Finastra subsequently announced its association with corporate-to-bank integration fintech AccessPay to simplify traditional corporate banking host-to-host connections and deliver corporate-to-bank connectivity.

The fintech delved into BNPL with a partnership with Jifiti. Financial institutions are enabled through Jifiti’s white-labelled platform to embed financing or split pay offerings in an easy manner at any merchant’s point-of-sale at scale, be that online, in-store, or via a call centre. Financial institutions working with Finastra to power core banking capabilities benefit from having Jifiti’s platform pre-integrated with Finastra’s systems; the cloud deployment is available via Finastra’s FusionFabric.cloud open development platform. The former already benefits from considerable popularity already (worth mentioning another partnership with Veem in order for the AR and AP network for SMBs to plug into Finastra’s platform).

Moreover, in the same quarter, the company expanded its services across banks in Africa and several Indian subcontinental markets via Modefin.


Finastra, Tink, Adyen, Jifiti, Contour, Snoop fintech partnerships

Another fintech that stands as a telling example of how the market embraced embedded finance is the Open Banking platform Tink. Dutch fintech platform Adyen partnered with Tink in early October in a deal that sees Tink’s technology embedded into Adyen’s single platform, enabling Adyen customers to offer Open Banking payments to consumers.

Adyen thus uses Tink’s payment initiation technology to enable businesses to access A2A payments. The integration launched first in the UK, with plans to expand to multiple markets in 2023.

Apart from an integration wtith financial management app Snoop to offer customers personalised insights into how they can cut on their bills, grow savings, and pay their debt, the Open Banking platform also signed an agreement with loan broker Sambla Group  to offer lenders access to more accurate affordability assessments. Sambla Group incorporated Tink’s full risk product suite, which includes services such as Income Check, Risk Insights, and Expense Check. Consequently, lenders using the Sambla Group network are able to access real-time data in order to obtain faster and more accurate affordability assessments.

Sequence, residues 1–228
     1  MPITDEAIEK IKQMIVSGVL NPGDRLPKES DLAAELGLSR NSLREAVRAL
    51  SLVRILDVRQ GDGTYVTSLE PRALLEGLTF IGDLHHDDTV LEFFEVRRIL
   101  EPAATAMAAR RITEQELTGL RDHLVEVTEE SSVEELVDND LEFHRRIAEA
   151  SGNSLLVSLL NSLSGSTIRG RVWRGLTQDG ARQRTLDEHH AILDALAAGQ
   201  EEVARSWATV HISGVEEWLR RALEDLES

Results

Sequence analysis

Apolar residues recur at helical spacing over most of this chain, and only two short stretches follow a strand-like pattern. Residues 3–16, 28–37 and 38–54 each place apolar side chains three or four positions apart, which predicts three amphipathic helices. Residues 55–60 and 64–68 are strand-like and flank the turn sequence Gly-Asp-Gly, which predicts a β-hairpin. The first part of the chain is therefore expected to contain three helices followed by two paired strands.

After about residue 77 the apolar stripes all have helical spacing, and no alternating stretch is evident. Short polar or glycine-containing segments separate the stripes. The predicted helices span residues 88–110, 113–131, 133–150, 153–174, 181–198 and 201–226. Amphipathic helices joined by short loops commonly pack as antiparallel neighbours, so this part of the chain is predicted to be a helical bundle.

The beginning of 2023 is clearly a time to continue following not just the expansion and strategic placement of these key names in the fintech industry, but also a time to reflect on how the current economic climate will affect strategic decisioning further on. A recent survey shows that almost nine in ten fintechs consider partnerships to be crucially important to their business, up from 49% in 2019. 

Lending and access to funds, efficient product development across verticals and technologies, and accessible integrations will continue to drive strategic partnerships into Q1 2023. 

Stay tuned for our upcoming Global Investments Analysis and Global Payments and Commerce Partnerships Analysis, next week on The Paypers. 

About Alexandra Constantinovici

Alexandra is News Team Lead at The Paypers. A passionate writer, Alexandra has an extensive background in journalism – as a graduate of Journalism and Communication studies –, as well as editing, publishing, and marketing. She coordinates the news coverage at The Paypers and, together with the team of editors, she strives to bring forward the latest trends for our readers, while investigating and sharing with our community the upcoming innovative industry shifts.

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Keywords: fintech, embedded finance, embedded payments, Open Banking, account-to-account payment, partnership, The Paypers Quarterly Analysis series
Categories: Banking & Fintech
Countries: World
This article is part of category

Banking & Fintech